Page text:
Golf Psychology Lessons from the Open Championship at Turnberry – Part 1


So what golf psychology lessons can we learn from this year’s Open Championship at Turnberry? I’m sure that many of you watching the last day unfold on the course shared my excitement at the ever changing scoreboard, the phenomenal shot making from all the players and the breathtaking and emotional finish to the 72 holes. Let’s not spoil things by thinking about the play-off!

We also saw what makes golf in general and links golf in particular so special. I’m talking here about the basic unfairness of the game – the “rub of the green.” As an example, think about Tom Watson’s perfectly hit 8-iron into the 72nd hole that somehow managed to trickle off the back of the green and nestle against the edge of the rough. Contrast that with Stewart Cink’s frankly ropey shot into the same hole that against all odds managed to stop in the ideal spot and gave him the opportunity to hole a fantastic putt to set the winning target.

This is what links golf is all about and one of the reasons that Tom Watson has always been such a good links player is that he accepts both bad luck and good fortune with the same “happy go lucky” attitude. Just listen to what he said afterwards about that shot into the 72nd hole.

“You look back in perspective of the rounds and how they went, that 8-iron that I hit at 18 will always live with me,” Watson said. “I hit the shot that I wanted to hit, I really did. And I asked my friend, Andy North, exactly where that ball landed on the green. He said it landed one foot on to the surface, over the knob, one foot on the surface. So it had the whole length of the green to stop. That’s where I was trying to hit it. I was trying to hit it 164 yards, right there. It just didn’t stop.”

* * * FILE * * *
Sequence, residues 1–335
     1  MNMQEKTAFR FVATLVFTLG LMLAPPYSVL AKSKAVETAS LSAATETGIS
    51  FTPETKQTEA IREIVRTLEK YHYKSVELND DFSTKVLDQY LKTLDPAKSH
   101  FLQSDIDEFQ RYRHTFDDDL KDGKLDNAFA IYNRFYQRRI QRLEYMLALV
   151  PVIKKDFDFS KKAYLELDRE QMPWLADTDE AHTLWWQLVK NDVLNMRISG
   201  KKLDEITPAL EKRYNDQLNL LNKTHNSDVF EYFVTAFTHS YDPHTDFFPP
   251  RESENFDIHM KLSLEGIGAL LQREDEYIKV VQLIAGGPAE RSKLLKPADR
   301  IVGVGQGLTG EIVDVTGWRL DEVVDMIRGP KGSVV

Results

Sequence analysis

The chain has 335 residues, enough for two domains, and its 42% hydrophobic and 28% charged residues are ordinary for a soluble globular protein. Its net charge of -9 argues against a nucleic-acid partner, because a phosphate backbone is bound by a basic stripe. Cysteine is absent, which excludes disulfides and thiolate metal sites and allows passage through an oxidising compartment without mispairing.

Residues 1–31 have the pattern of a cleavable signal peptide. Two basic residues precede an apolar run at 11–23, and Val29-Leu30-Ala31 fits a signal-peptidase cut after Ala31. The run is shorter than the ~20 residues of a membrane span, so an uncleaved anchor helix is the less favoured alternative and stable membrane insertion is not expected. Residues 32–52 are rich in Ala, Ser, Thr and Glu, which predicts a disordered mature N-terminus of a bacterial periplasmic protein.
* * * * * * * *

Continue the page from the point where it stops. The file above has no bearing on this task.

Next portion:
More tellingly, he summed it up by finishing

“I look at that shot, I hit it perfectly, and didn’t get the break.”

So that’s it for Tom, no complaints, no recriminations, just acceptance of the hand that the golfing gods dealt him. That’s why he’s such a good links player and why, despite his bad record at closing out wins, he’s such a great player.

Contrast his career record of 2 wins out of 11 play-offs against his 5 Open Championship wins, 3 other major championships, 31 other PGA Tour wins, 12 Champions Tour wins, 5 years as world number one from 1978 to 1982 and his almost winning the Open Championships just a few months before his 60th birthday and less than a year after a hip-replacement operation. That tells me that he can rise above adversity and simply get over any bad results.

So the next time you’re out on the course and the “rub of the green” goes against you or you simply hit a bad shot, think of Tom Watson and just accept it, consign it to the past where it can’t hurt you and get on with playing the next shot to the best of your ability.

I’ll be continuing this article tomorrow with more golf mind lessons from the Open.

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